Immigration: What’s happening now and what is yet to come?

Victoria Perez-Zetune

“Are we a nation that tolerates the hypocrisy of a system where workers who pick our fruit and make our beds never have a chance to get right with the law?” President Obama challenges Congress and our nation on Thursday November 20, 2014 when he made his announcement about his plan for immigration[1].

June 2012, President Barack Obama originally passed Deferred Action for Childhood Arrivals. This allowed individuals that arrived under the age of 31 before 2007 that met other background checks and requirements to obtain a worker’s permit, license, and relief from deportation[2]. This program caused great controversy, and Congress felt the president had overstepped his power, but Congress continued to fail to act. In 2013, the U.S. Senate successfully passed a bipartisan immigration bill. Unfortunately, once the bill arrived to the House of Representatives, the bill died without a vote. President Obama once again urges and reminds Congress that a passed bill would replace his new executive order[3].

Deferred Action for Childhood Arrivals gave relief to approximately 1.2 million undocumented youths, but the new announcement is predicted to cover 5 million individuals[4]. President Obama’s announced defined three main components that will be addressed. The first is an increase in border patrol. Attempting to further diminish illegal entrances into the United States, additional resources will be allocated to the border and to ensure rapid return to those caught. The second component is facilitating opportunities for high-skilled immigrants, graduates, and entrepreneurs to remain the in country. Allowing high-skill workers to remain in the United States would fill vacant positions in our existing workforce with people that have the training as well as create jobs with new business created by these entrepreneurs. Finally, the President plans to “deal responsibly” with the undocumented immigrants in the United States. This means the expansion of Deferred Action for Childhood Arrivals and the inclusion of parents of citizen children for undocumented individuals who arrived before 20101.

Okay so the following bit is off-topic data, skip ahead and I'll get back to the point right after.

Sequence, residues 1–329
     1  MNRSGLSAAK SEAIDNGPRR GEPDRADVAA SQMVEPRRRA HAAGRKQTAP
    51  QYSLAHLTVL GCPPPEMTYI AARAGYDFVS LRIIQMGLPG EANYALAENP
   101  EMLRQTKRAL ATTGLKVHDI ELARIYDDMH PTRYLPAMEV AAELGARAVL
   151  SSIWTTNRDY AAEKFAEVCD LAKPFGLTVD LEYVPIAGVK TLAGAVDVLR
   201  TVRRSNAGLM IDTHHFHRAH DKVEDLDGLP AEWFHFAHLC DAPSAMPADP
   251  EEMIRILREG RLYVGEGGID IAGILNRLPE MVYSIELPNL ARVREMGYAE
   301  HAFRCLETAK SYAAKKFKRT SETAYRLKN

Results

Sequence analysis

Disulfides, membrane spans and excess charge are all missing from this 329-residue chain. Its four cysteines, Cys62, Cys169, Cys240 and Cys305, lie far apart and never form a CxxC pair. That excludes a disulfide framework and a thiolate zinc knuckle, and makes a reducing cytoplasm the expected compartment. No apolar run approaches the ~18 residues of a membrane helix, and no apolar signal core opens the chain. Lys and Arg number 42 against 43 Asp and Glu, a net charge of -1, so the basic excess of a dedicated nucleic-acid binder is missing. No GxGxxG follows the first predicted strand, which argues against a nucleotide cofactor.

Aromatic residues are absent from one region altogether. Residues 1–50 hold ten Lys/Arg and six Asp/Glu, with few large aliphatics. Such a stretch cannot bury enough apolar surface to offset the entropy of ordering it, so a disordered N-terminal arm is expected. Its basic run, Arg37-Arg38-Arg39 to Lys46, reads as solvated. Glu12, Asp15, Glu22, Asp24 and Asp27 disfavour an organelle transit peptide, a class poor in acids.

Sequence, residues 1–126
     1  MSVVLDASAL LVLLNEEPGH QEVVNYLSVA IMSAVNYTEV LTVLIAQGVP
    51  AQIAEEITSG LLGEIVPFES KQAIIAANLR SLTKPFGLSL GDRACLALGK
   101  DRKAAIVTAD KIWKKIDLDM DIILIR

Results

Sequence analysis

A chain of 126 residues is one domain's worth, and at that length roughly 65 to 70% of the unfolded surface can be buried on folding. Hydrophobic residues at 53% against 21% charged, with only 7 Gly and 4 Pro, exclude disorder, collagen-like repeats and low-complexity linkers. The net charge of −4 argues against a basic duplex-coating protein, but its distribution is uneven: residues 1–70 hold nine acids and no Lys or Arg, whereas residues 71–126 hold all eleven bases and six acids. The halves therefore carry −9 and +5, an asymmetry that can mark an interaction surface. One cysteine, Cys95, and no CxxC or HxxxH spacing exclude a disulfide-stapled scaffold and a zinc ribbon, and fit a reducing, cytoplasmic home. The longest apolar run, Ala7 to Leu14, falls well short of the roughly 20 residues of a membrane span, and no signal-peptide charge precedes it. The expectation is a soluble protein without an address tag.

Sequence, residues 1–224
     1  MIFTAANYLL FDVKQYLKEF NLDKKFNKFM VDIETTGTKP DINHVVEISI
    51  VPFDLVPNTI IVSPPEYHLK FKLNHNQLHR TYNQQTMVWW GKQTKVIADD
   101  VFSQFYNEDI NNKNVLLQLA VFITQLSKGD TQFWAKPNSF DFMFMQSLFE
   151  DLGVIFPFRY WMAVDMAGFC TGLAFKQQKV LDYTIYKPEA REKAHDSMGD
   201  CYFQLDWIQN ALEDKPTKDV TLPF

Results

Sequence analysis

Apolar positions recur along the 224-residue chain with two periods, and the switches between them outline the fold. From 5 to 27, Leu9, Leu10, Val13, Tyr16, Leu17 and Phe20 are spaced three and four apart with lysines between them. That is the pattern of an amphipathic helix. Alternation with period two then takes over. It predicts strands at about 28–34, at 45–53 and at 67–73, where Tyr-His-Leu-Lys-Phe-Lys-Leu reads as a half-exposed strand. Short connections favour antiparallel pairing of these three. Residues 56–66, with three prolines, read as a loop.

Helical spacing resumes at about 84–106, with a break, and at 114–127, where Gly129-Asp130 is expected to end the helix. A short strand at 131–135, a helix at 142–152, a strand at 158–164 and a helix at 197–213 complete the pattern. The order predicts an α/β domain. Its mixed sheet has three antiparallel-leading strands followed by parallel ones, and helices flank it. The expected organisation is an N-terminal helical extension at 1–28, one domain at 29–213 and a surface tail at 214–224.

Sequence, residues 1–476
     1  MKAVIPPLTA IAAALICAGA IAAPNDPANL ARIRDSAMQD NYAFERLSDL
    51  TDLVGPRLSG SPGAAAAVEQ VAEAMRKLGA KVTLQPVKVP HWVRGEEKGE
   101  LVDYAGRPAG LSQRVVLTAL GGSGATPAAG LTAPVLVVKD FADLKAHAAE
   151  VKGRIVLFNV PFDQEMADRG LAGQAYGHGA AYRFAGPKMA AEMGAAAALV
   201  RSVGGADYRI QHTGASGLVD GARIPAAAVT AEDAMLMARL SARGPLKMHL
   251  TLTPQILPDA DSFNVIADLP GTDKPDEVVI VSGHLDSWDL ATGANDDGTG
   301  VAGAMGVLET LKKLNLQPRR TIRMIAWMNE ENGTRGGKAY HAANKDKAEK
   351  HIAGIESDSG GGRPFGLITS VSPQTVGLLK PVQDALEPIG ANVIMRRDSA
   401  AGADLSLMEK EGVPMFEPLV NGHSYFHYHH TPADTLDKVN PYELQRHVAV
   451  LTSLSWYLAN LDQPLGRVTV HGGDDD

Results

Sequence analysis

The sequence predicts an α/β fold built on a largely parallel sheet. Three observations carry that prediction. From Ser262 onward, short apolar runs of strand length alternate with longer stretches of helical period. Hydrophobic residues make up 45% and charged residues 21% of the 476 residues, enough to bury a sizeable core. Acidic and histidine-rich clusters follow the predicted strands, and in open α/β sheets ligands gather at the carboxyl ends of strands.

Controversy over President Obama’s new announcement once again has occurred. The country is split over the decision. Only 45% of Americans find it acceptable that the president acted alone on immigration according to a Quinnipiac survey, but 68% of people disagree that the government should shutdown again over immigration4. It is up to Congress what happens next. Defunding the program is not an option despite the rumors claiming it is a possibility. Fees by users fund the program and Citizenship and Immigration Services would continue operating regardless of a government shutdown[5]. Congress is due to pass a new spending bill by December 12 or the government will stop all operations again. Even though this will not impact the new immigration plans, a government shutdown is a worry among Americans. Immigration, also, has not been resolved; this just a temporary solution. President Obama’s actions have not led to citizenship for anyone and issues surrounding unaccompanied minors from Central America seeking refuge persist. Furthermore, President Obama’s Executive Order on immigration could vanish as his presidency ends. Congress must unite to permanently address immigration and more urgently the upcoming budget.